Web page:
Despite a somewhat wobbly cover and an unappealing promo last month, this is a surprisingly strong issue. In some ways, it serves as an epilogue for both the Underbase saga, and the Fortress Maximus / Buster / Spike storyarc.  It'll be the last thing Budiansky writes about either and it's a satisfying way to end things.  It's a very small, intimate tale, and perhaps more importantly it feels completely organic to what had gone before. Furman would later pick up on some of the themes introduced here and use them in his penultimate issue of the G1 comics.

Next month, "They're mean, they're nasty ... and they're hungry ~~ THE MECANNIBALS!" Hmmm ... it sounds like a very Budiansky idea.  I'm willing to give it a go. The Man in the Machine! is included in IDW's  Classic Transformers Volume 4 at Amazon.com.

4 comments:

Hans said...

I like that Delbo keeps track of continuity. The car Spike and Cliff are driving is the same car/model (a 1986 Toyota MR2, I believe) that he drove in issue # 38. Nice little details like that I can always appreciate.

I was also glad to see Seaspray this issue. That made it clear to me there were at least some 1985 bots left :)

As for the logo change, that was to be expected, but I do wonder what Marvel was thinking keeping the Autobot insignia of the former logo. It really looks out of place standing straight up while the rest of the logo was tilted. I think it would have been better to follow the example of the toy boxes (as Marvel UK did, I think) and drop the insignia completely.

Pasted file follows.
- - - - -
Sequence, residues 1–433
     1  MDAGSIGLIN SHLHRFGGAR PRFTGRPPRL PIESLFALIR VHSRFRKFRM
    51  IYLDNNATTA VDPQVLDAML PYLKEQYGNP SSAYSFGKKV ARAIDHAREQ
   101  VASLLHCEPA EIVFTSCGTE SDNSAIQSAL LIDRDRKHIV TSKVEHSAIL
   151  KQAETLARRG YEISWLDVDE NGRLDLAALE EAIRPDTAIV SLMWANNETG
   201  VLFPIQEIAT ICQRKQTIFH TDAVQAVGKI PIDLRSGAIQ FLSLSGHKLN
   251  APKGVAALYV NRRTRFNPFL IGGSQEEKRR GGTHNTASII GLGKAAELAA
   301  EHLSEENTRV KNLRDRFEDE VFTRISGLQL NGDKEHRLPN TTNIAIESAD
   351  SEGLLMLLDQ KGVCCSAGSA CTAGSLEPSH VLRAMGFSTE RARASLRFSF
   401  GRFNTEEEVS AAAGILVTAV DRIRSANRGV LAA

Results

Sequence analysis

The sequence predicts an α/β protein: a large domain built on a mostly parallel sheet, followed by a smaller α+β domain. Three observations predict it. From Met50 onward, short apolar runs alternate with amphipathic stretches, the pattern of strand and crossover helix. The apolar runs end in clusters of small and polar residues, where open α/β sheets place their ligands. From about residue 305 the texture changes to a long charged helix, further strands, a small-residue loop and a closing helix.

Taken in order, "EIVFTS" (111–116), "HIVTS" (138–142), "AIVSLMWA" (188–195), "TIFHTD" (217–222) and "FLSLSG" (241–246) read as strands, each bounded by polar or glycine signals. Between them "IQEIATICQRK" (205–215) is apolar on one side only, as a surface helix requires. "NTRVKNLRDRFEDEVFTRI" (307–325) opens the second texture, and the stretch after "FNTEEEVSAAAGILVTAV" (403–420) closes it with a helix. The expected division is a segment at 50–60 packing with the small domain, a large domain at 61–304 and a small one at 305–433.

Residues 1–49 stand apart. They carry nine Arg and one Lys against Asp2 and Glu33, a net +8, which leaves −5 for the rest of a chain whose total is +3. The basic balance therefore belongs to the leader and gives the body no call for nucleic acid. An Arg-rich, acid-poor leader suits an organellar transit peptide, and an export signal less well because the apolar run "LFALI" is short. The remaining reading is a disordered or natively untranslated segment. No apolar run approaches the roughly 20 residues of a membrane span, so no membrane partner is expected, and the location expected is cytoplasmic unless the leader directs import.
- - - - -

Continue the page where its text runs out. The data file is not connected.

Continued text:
David Oxford said...

I'm confused at the end; Budiansky isn't done yet...

--LBD "Nytetrayn"

Jimtron said...

"In some ways, it serves as an epilogue for both the Underbase saga, and the Fortress Maximus / Buster / Spike storyarc. It'll be the last thing Budiansky writes about either and it's a satisfying way to end things." Budiansky has four more issues, but this one ties up the Underbase saga and, especially, his Buster/Spike story.

ShadowWing Tronix said...

I just realized something else that bugs me about Furman's run. Here we see Spike clearly accept that he's still part of Fortress Maximus. I would have assumed he rejoined the Autobots, or still kept in touch. Yet, when Furman starts using him, both times (his G.I. Joe/G2 appearance) it's the same theme as this story. He doesn't want to be Fortress Maximus and yet has to be because he is. What was the point?